Award-winning filmmaker Leigh Simons gives audiences a backstage pass to the theatrical event of the summer. Take an inside look at how freeFall Artistic Director Eric Davis and his team created this exciting, immersive staging of an American classic. CUCKOO’S NEST has been extended through September 14. Tickets are available by calling 727-498-5205 or by visiting

freeFall’s ONE FLEW OVER THE CUCKOO’S NEST was recently honored with 9 Theatre Tampa Bay nominations including Best Ensemble and Outstanding Production of a Play.

Theatre Tampa Bay is an independent alliance created to raise the profile of our region’s professional theatre community. ONE FLEW OVER THE CUCKOO’S NEST is also freeFall’s highest selling play (non-musical).

Writer, Director and Producer Leigh Simons has produced a wide variety of television and motion picture programming over the past 27 years. The past decade his expertise has been widely recognized for his accomplishments in the area of sports documentary programming having produced over 30 boxing sports documentaries for HBO Sports, SHOWTIME Sports and FOX sports networks while working with some of the biggest names in boxing. Simons has recently begun work with freeFall Theatre producing behind-the-scenes documentaries of several productions helping to expose new audiences to the freeFall experience. Simons had unprecedented access as he auditioned and was cast in freeFall’s ONE FLEW OVER THE CUCKOO’S NEST.

Interviews with Eric Davis and Leigh Simons can be scheduled by calling Matthew McGee at 727-498-5205 X 7.

Link included below. Please SHARE online with your readers!!!

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Articulate Suncoast puts spotlight on Eric Davis and James Oliver!

matthewAugust 13th, 2014UncategorizedNo Comments

Things are getting a little cuckoo at freeFall theatre in St. Pete: rounding out the 2013-2014 season is a local production of One Flew Over the Cuckoo’s Nest.

A Dale Wasserman stage version of Ken Kesey’s novel, also made into a classic 1975 film starring Jack Nicholson, the play opened August 2nd for a limited run of 22 performances through September 14th.

The final show of freeFall’s season, Cuckoo’s Nest boasts a large cast, featuring names like James Oliver (McMurphy), Roxanne Fay (Nurse Ratched) and Michael Nichols (Chief Bromden), who also starred in the 2001 Broadway Production of the same play. Directed by freeFall mastermind Eric Davis, the play is slated to be the local theatrical event of the summer.

Articulate got a chance to chat with director Eric Davis and leading actor James Oliver (freeFall’s Miss Julie and NBC’s Fraiser). Oliver and Davis are no strangers to artistic eminence—the two are big names currently shaping the Tampa Bay area performing arts scene.

How long have you been directing/acting? Why did you start?

Eric Davis: I directed my first play as a high school student. It was an evening of student-directed one-acts that I organized. I’ve always liked the idea of bringing the vision of a play as I imagine it while I’m reading it into reality. It’s still a very thrilling idea to me.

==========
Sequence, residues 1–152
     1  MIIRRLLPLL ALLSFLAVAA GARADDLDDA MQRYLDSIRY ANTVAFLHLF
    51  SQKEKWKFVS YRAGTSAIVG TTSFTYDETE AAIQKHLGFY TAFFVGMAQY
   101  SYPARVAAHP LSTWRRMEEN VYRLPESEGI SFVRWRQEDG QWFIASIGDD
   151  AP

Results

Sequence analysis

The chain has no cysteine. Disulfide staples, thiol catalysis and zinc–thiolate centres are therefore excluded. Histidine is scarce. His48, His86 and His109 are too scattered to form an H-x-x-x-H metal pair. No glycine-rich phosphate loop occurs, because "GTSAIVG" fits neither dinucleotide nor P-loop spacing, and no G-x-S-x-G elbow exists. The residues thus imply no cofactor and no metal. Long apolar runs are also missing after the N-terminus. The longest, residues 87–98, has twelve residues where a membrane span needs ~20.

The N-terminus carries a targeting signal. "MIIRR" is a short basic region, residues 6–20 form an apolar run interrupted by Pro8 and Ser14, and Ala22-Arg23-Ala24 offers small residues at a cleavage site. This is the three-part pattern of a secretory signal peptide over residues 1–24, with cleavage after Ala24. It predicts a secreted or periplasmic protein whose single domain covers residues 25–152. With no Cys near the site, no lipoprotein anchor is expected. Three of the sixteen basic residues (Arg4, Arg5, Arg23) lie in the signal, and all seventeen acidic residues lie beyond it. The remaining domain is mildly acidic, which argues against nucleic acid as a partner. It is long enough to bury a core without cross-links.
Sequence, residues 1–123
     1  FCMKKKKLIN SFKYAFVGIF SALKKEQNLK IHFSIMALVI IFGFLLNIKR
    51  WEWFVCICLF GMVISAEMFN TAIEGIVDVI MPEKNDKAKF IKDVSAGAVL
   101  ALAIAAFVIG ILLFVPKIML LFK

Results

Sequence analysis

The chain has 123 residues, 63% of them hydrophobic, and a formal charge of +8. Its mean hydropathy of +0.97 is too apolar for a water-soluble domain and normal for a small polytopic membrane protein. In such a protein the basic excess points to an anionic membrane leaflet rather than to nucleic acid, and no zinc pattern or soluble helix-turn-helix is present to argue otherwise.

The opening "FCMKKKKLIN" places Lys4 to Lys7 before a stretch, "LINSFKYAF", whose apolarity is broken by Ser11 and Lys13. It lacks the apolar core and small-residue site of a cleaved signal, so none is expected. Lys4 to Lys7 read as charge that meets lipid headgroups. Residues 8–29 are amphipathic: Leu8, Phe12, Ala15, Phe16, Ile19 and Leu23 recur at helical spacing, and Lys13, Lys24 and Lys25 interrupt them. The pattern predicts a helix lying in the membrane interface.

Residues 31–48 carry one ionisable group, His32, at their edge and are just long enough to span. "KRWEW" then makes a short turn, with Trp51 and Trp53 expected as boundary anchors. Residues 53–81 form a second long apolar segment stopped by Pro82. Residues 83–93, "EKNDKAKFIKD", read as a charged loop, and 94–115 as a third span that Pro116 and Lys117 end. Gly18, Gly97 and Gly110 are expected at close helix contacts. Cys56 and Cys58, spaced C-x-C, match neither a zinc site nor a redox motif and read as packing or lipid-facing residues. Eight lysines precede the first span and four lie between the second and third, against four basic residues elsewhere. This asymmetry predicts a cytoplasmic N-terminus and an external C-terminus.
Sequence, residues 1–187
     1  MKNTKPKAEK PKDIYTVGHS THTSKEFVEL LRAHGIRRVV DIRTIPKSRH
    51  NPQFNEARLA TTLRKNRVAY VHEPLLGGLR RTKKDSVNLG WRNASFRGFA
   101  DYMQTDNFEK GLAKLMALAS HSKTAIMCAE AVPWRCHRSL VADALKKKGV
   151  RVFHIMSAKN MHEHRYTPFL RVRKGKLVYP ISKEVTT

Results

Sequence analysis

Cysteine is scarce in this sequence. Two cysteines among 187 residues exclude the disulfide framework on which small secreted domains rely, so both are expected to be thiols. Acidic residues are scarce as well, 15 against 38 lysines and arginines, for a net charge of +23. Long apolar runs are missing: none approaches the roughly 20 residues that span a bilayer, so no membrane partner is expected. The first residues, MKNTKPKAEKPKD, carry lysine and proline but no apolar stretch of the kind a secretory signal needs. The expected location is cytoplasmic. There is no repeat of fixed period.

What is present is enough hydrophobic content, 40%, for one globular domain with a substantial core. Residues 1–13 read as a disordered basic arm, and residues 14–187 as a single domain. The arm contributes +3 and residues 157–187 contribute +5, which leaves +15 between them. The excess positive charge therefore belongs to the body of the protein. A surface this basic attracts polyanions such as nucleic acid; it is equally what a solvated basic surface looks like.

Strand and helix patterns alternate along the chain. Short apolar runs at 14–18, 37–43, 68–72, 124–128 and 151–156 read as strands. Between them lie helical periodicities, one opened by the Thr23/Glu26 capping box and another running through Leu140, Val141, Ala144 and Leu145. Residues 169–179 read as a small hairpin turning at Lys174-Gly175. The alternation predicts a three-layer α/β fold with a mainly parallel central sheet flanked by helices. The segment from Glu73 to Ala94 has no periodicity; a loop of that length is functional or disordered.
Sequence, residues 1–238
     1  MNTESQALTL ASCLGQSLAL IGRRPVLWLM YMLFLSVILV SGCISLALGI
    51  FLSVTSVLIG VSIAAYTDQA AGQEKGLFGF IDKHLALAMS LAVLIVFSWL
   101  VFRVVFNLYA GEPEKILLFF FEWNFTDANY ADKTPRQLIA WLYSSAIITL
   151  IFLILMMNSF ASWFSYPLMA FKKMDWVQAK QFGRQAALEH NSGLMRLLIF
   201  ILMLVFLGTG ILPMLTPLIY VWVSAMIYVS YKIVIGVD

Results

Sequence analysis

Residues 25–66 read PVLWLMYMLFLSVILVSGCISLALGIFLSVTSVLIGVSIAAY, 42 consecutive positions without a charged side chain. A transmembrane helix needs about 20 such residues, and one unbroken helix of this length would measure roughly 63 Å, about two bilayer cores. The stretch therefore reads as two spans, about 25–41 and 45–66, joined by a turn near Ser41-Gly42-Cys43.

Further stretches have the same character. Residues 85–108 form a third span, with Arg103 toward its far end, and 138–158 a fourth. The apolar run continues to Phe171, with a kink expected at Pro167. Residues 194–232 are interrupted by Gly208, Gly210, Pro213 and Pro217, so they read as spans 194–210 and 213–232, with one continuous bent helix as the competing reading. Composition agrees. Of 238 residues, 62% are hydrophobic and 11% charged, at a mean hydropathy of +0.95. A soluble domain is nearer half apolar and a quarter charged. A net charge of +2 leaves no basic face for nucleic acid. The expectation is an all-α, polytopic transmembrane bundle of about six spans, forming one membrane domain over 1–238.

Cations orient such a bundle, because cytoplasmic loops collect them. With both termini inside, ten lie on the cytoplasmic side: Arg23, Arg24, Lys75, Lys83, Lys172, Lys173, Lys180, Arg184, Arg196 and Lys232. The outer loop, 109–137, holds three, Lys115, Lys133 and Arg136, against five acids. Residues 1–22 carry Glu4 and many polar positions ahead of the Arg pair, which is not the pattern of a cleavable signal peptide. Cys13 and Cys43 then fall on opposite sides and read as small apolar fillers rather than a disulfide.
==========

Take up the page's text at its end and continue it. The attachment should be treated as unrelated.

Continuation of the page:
James Oliver: I’ve been acting since I was ten because my grandmother made me. I wish she could see that I’ve never stopped since then.

What inspires you?

ED: I find inspiration from a lot of sources: other theater that I see, film, music, visual art, things I read. Almost anything I encounter can become an inspiration for something.

JO: Nature. Animals. The Hopi. Hawaii. Thunder.

What’s led you to where you are in your career today?

ED: It would be impossible to list all of the people and opportunities and obstacles and choices that have led me to be here now. As with anyone in any field, every moment and experience that has come before has somehow contributed to where one finds oneself.

JO: In all seriousness, my career has been bumpy. Most are. It’s a tough road, no question. But I’m happy where I’m at as an actor. I’m better than I’ve ever been and I am learning all of the time.

Is there a specific artist you relate to, look up to, strive to emulate?

ED: I don’t really strive to emulate anyone else’s work. Instead, I respect and relate to many other artists. I’ve always loved the work of Baz Luhrmann, and Peter Greenaway. I love the stunning visual imagery they both create and I have always enjoyed employing anachronism as a theatrical device which nobody does quite as boldly as Luhrmann.

JO: There are people that inspire me, but you can’t strive to emulate anyone—you have to try to do better work than them. Build off what they’ve done, or what’s the point? Honor your heroes by picking up where they left off and digging deeper. I don’t want to be anyone’s fan, I want to create with them. But the real answer you’re looking for is: Jack and Marlon. More recently, Mark Rylance. He’s a badass and seems to be afraid of nothing. I also love Henry Miller, Tom Robbins and a million others. Anyone telling the truth and cutting through the nonsense of commercial enslavement is my hero. Eric Davis of freeFall is actually a hero of mine. I was just thinking that the other day. He had a vision and he has manifested it without compromise in a world that would offer a million reasons to doubt it would work. That’s incredible to me and I’m blown away each time I come back here to work with him.

What do you consider the best thing about being an artist?

ED: As Shakespeare put it, we are “the abstract and brief chronicles of the time.”